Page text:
BMW R850R Side Stand Switch

On the “oilhead” model BMW’s there is an interlock switch so that you are unable to pull away with the side-stand in the down position, you cannot even start the engine when it’s in the down position.

This is done by having a switch that is operated by the sidestand, a BMW special incorporating a micro-switch.

On my R850R this switch had gone permanently open circuit, so I could neither start or run the bike.

On visiting my local BMW emporium for a replacement I found that it was “Not Currently Available”, while it is still a listed spare there were none available, not even in Germany, not only that but they’re grossly overpriced for what they are, according to the dealer the current price is just over £110 !!.

Fortunately it is a simple matter to bypass the switch, so I was not left with an inoperative bike but to do this I had to bypass a safety system, not the best of ideas!.

So, nothing ventured nothing gained, I removed the switch to have a look at it.

Interlock switch

The interlock switch

As expected it was not meant for servicing but when I had a good look I could see how it had been assembled.

There were a couple of moulded tabs and a steel locating pin so first step was the pin.

Switch peg

The metal locating pin half-way out

I gripped this pin with a pair of pliers and it came straight out with a twist and a pull. I then pried the tabs back a little and ran blade round in the joint  between the parts of the assembly.

It took a bit of fiddling what with having to pry and split at the same time but the two halves soon came apart.

Split housing

The opened housing

Now I could see how it worked, there was a plastic cam bearing onto a micro-switch.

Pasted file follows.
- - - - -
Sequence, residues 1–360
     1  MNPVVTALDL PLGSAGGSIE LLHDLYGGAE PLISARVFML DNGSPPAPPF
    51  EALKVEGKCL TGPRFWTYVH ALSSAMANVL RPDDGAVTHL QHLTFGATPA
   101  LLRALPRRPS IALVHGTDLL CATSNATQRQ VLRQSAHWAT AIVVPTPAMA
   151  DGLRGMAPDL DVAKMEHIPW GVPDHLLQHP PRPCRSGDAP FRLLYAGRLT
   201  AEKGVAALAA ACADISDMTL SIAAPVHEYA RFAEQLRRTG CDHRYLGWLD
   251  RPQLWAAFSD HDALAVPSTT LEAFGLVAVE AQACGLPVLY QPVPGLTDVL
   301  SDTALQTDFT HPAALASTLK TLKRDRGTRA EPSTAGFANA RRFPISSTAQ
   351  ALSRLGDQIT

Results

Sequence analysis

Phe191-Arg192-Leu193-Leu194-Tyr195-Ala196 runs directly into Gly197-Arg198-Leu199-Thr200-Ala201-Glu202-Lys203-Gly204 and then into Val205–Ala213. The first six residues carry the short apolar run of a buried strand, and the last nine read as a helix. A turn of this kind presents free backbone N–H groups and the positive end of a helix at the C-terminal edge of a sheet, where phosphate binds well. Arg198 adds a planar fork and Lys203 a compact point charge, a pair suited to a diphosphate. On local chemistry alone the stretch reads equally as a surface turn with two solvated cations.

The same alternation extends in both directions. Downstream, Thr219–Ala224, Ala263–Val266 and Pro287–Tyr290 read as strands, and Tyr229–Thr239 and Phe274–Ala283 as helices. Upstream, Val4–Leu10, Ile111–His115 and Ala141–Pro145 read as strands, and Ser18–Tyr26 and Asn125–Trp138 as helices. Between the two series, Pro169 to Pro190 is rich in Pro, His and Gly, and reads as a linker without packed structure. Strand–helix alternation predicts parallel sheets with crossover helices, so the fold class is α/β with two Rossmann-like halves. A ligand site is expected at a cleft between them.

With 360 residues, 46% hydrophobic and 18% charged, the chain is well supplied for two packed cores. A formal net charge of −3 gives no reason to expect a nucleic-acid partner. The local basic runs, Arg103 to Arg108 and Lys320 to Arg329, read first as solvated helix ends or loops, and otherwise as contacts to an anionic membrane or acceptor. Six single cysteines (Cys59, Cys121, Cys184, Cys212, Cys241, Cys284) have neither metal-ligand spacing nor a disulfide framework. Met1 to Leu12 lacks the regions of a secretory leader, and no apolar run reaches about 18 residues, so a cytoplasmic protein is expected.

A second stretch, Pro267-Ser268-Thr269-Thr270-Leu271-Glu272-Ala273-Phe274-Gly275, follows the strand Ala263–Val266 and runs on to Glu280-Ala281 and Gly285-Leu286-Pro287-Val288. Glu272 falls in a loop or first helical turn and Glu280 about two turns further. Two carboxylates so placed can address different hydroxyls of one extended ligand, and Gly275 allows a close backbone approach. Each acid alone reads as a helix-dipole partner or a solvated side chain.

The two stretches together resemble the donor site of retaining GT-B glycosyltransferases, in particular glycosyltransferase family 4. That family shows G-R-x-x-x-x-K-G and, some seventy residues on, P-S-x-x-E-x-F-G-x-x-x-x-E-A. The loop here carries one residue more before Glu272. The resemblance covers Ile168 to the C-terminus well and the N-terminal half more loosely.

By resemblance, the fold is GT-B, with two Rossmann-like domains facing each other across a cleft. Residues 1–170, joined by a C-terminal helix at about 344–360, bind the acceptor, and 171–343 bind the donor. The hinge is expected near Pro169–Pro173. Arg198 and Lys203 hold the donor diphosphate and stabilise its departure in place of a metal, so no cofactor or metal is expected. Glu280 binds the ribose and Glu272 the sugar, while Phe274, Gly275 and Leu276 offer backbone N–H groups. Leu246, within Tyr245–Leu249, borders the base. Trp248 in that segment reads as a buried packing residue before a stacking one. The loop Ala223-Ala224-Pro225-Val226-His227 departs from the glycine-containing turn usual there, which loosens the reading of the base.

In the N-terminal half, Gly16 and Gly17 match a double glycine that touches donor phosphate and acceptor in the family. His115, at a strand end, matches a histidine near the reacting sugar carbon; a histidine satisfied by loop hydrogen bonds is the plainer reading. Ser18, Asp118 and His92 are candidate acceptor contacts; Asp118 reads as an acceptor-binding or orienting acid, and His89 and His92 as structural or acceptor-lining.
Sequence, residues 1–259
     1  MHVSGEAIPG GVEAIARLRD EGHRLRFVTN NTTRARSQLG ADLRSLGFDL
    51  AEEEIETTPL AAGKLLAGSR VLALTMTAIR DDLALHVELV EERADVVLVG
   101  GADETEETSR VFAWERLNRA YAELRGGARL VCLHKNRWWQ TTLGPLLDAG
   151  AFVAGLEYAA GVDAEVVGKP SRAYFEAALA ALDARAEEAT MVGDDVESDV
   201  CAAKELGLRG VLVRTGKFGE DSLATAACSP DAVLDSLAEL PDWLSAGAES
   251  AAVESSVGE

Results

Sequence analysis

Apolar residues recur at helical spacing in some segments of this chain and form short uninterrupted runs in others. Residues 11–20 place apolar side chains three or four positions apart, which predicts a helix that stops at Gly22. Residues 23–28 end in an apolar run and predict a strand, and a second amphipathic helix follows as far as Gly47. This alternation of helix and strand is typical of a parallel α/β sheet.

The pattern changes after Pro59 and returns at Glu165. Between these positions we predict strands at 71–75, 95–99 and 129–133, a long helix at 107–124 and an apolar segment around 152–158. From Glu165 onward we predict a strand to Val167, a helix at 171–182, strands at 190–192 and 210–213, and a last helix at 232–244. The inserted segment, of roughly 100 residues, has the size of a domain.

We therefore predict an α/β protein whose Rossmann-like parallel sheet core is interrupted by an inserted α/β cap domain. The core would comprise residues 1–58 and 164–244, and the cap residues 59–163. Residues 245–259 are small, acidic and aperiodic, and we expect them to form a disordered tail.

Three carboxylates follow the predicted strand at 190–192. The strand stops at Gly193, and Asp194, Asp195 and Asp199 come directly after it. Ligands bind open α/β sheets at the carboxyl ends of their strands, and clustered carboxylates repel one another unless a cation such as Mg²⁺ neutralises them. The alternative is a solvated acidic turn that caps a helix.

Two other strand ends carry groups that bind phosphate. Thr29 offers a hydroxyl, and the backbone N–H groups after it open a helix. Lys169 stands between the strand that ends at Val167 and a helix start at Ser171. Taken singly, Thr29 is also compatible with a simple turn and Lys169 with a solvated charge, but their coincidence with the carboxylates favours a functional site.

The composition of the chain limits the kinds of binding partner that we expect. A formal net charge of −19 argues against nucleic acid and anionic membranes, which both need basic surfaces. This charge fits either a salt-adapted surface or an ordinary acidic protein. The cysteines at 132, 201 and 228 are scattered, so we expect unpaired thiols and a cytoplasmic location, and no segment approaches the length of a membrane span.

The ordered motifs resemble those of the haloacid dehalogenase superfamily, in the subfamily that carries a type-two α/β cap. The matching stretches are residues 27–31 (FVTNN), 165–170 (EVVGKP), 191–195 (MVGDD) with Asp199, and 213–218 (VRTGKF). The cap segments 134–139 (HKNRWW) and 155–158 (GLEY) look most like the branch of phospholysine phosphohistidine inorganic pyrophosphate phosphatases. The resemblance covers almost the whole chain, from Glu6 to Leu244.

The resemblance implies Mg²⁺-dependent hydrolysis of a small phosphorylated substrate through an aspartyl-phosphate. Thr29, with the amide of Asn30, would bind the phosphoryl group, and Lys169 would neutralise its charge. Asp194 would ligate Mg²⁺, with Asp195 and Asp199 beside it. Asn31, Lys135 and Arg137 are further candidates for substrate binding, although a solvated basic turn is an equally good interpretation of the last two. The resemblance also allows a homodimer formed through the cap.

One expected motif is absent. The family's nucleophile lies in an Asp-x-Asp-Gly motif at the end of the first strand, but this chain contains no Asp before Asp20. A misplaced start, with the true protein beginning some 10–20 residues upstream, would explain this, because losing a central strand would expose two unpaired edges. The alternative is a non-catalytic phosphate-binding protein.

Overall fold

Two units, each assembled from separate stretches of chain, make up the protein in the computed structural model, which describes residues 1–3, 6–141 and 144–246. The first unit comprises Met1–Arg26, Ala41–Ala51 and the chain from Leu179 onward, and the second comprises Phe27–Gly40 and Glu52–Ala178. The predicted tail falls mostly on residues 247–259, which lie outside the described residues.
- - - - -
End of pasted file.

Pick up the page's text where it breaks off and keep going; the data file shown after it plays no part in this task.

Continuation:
In bits

The switch components

The micro-switch body was deeper than the standard one but since it had the wiring loom coming direct of it rather than having the more normal terminals this is probably why.

Anyway, because the standard switch is shorter it can easily be fitted into the available space and it can then be fixed in place.

So I now needed a suitable switch and the obvious place to try round here was the local branch of MAPLINS.

A look on their website confirmed that they had a range of micro-switches, all in the C.O.(Change Over) format, that is that rather than their being simply either N.O.(Normally Open) or N.C.(Normally Closed) their connections were switched from one state to the other.

This meant that I had no worry as to which was the correct conformation for the job, it was just a case of finding which one would fit best into the casing so it was off to the local branch.

Button switch

Plunger type micro-switch

Once there I soon found a snag, the switch plunger on the new switch did not touch the cam.

It turns out that the standard “offset” on a micro-switch plunger is 1.2mm and BMW in their ineffable wisdom have elected to use a non-standard switch.

Idea is presumably to force the purchase of their dedicated (and expensive) switch but however there is a way round this snag, there is an alternative switch has an operating lever.


Basic lever type micro-switch

This lever that can readily be bent into a suitable shape using round-nosed pliers, so I got one of those switches at a price of £2:29, that’s just not quite 1/50th of the price of the BMW part.

lever modified

The lever bent to shape

Once I had the lever bent into the requisite shape I found that the plastic housing round the cam was fouling on the base of the lever and this was preventing the new switch from going fully “home” into position in the housing, but a little careful easing with a router bit in the Dremel soon got round this.

switch in place

Lever switch installed in housing

Now the switch had to be fixed in position. The original had located with pegs on its sides that located into recesses in the housing but the new switch body had a pair of mounting holes rather and these were just under 3 mm in diameter.

These holes however lined up nicely with the recesses in the housing so it was just a case of opening these through to take the appropriate countersunk head bolts.

Assembled unit

Finished job with screws in place

I’ve committed the heresy here of using the old 6BA size for this, simply because I had some in stock along with having the appropriate tap, rather than having to buy in metric machine screws and taps.

All that was left to do was connect the wires to the switch and close up the housing, test the whole assembly and then, once it was found to be working, refit it to the bike.

Job Done!